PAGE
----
Tuojiangosaurus (Tuo river lizard)
Dong et al. - 1977
Estimated 6 meters long
T. multispinus (type)
China, Sichuan Province - Upper Shaximiao Formation
Late Jurassic, 160 million years ago
Tuojiangosaurus, meaning “Tuo river lizard,” is a genus of armored dinosaur that lived during the Late Jurassic period, around 160 million years ago. Its fossils have been found in what is now Sichuan Province, China.
Tuojiangosaurus was a medium-sized dinosaur, measuring up to 20 feet (6 meters) in length and weighing around 2 tons. It had a heavily armored body, with rows of bony plates running down its back and a spiky tail for defense against predators. Its skull was also heavily armored, with bony knobs and ridges protecting its eyes and nasal passages.
Tuojiangosaurus was a herbivorous dinosaur, using its powerful jaws and teeth to grind up tough plant material. Its teeth were self-sharpening, meaning that as the upper and lower teeth rubbed against each other, they were constantly being worn down and replaced.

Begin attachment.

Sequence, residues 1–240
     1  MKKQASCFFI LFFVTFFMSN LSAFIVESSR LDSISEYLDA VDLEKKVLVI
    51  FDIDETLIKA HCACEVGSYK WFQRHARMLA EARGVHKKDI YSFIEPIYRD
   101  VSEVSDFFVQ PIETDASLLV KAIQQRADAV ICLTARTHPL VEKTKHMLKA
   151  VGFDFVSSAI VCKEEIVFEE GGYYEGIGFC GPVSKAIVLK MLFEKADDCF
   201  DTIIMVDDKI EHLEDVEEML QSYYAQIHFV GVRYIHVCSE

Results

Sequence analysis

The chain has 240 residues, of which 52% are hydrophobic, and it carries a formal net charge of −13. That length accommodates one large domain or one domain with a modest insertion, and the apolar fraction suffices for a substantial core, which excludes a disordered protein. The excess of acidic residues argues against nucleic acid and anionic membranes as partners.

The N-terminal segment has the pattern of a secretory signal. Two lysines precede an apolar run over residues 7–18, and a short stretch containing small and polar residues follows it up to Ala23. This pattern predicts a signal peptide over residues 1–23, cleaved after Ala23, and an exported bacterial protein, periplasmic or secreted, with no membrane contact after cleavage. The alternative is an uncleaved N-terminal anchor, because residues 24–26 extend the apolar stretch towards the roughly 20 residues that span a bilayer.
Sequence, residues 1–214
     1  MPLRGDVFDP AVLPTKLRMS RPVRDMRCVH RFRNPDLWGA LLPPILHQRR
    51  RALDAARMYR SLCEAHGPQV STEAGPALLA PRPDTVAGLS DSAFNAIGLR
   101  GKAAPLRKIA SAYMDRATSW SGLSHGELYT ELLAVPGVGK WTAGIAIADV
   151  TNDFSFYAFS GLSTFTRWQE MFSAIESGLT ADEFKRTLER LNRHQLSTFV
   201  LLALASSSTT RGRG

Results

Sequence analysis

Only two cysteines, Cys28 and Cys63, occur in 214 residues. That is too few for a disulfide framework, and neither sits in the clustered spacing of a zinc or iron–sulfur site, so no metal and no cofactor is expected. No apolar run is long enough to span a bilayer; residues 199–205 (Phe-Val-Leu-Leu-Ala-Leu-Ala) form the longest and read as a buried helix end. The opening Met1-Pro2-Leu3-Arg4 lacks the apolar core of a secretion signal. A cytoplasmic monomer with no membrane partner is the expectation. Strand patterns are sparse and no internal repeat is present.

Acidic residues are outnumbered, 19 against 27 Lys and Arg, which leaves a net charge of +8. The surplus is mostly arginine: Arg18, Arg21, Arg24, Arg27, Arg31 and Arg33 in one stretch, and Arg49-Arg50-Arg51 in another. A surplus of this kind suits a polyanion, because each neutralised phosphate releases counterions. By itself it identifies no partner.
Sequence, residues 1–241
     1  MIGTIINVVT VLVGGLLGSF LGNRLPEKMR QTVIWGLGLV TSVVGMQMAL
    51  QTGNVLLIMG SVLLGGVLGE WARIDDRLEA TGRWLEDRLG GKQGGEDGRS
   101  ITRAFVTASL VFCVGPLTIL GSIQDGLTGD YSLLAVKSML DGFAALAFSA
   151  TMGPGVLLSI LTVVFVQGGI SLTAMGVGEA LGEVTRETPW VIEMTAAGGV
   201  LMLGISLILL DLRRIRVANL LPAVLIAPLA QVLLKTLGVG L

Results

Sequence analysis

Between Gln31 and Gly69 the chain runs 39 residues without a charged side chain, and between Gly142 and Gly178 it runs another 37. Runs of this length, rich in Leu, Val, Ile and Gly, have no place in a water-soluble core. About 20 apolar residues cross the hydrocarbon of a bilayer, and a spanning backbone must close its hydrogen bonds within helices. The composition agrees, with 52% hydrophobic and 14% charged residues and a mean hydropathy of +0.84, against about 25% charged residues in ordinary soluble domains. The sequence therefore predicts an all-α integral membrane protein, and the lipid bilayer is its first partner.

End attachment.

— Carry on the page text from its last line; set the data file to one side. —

One of the most interesting features of Tuojiangosaurus is its forelimbs, which were relatively short and had three-fingered hands with large, sharp claws. These claws may have been used for defense or for grasping onto vegetation.
Tuojiangosaurus is one of the best-known armored dinosaurs from China and has provided valuable insights into the evolution and diversity of this group of dinosaurs. Its fossils have helped scientists to better understand the anatomy and behavior of armored dinosaurs, and ongoing research continues to shed light on their biology and ecology.
In conclusion, Tuojiangosaurus was a heavily armored dinosaur that lived during the Late Jurassic period in what is now China. It was a medium-sized herbivore with a powerful jaw and teeth for grinding up tough plant material. Its forelimbs had large, sharp claws, which may have been used for defense or for grasping onto vegetation. Tuojiangosaurus has provided valuable insights into the evolution and diversity of armored dinosaurs and is a fascinating subject for paleontologists and dinosaur enthusiasts alike.